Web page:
About an hour’s drive outside of Changchun, capital of Northeast China’s Jilin Province, stands the Xinghua Grain Depot, a storage facility capable of procuring 80,000 tons of corn a year. The depot is one of many facilities that the State-owned grain storage company China Grain Reserves Corp (Sinograin) uses to stockpile grain for “temporary procurement and stock” – a reserve-based crop price support mechanism. “The depot can store 20,000 tons of corn, and we are currently holding 11,000 tons,” Zong Guochang, the depot’s director, told the Global Times on June 9. Recently, the depot has been the subject of stricter government inspections, Zong said, ever since State media alleged that several grain depots involved in the price support scheme were selling expired grain under the pretext that it was fresh…Full Article: The Global Times June 2015
- In April 2015, a Sinograin warehouse in Kaiyuan, Liaoning province, and a local government controlled warehouse in Songyuan, Jilin province, were accused of substituting and selling expired grain for fresh grain. As a result, 25,000 MTs of rice was seized in Kaiyuan and 16,000 MTs of grain were seized in Songyuan.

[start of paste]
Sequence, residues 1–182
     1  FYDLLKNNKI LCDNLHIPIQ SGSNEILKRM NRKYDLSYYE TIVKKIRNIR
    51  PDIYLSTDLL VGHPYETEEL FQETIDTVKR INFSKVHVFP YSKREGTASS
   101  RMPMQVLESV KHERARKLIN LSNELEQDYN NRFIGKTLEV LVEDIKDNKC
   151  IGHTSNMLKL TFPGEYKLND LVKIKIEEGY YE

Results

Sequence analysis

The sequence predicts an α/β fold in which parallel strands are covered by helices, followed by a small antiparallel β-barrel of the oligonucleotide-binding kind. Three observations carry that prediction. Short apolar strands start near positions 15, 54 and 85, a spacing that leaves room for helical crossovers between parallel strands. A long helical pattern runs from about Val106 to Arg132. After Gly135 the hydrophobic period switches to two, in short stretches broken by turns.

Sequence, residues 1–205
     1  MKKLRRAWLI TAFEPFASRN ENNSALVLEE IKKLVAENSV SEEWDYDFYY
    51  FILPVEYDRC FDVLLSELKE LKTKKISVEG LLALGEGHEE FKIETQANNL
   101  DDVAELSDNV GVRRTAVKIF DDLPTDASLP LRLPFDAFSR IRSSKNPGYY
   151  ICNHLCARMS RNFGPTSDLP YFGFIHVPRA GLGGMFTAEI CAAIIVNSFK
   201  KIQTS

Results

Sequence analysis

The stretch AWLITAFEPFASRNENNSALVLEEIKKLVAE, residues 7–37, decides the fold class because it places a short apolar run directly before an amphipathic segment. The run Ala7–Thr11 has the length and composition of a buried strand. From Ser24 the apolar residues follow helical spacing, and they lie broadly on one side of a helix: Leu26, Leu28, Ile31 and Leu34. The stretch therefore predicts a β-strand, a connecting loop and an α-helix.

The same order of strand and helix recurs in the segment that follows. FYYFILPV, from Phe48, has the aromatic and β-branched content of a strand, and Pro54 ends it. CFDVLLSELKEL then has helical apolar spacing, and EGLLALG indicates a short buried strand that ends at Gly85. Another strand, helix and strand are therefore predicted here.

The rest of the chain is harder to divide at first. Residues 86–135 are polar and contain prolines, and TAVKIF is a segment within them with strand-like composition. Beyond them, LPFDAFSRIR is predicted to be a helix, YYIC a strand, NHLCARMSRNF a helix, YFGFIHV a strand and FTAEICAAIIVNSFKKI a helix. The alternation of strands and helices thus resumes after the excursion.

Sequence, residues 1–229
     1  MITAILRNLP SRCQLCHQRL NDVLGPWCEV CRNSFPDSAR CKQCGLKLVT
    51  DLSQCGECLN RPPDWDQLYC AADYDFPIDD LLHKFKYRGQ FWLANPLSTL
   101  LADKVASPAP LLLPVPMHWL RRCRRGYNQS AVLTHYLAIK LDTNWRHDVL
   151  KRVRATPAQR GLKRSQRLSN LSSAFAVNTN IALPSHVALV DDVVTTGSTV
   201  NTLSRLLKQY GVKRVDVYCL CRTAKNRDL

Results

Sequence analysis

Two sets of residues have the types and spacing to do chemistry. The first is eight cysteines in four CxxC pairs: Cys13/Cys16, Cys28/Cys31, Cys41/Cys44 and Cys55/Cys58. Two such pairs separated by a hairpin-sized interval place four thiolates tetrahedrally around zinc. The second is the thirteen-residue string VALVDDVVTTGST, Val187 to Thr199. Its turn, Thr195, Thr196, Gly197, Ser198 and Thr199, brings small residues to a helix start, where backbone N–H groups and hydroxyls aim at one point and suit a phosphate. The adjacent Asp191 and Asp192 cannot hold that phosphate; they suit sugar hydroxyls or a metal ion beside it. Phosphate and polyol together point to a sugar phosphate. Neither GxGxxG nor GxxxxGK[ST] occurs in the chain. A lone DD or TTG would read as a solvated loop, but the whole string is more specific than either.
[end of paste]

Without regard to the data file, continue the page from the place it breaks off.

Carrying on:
- In 2014, the procurement price for corn in Jilin province was CNY 2.24 (US$0.36) per kg.
- From 2014 to the end of 2015, the Chinese government plans to construct storage facilities with a capacity to hold 50 million MTs of grain, primarily in northeastern and southern China.
- Founded in 2000 and headquartered in Beijing, Sinograin is a state-owned enterprise whose government imposed mandate is to ensure China’s grain market stability and safeguard the country’s national food security. The company has emerged as China’s leading grain storage and transportation company. When initially launched in 2000, Sinograin had a registered capital of CNY 16.68 billion (~US2.01 billion). By the end of 2012, Sinograin had CNY 415.4 billion (~US65.7 billion) in assets.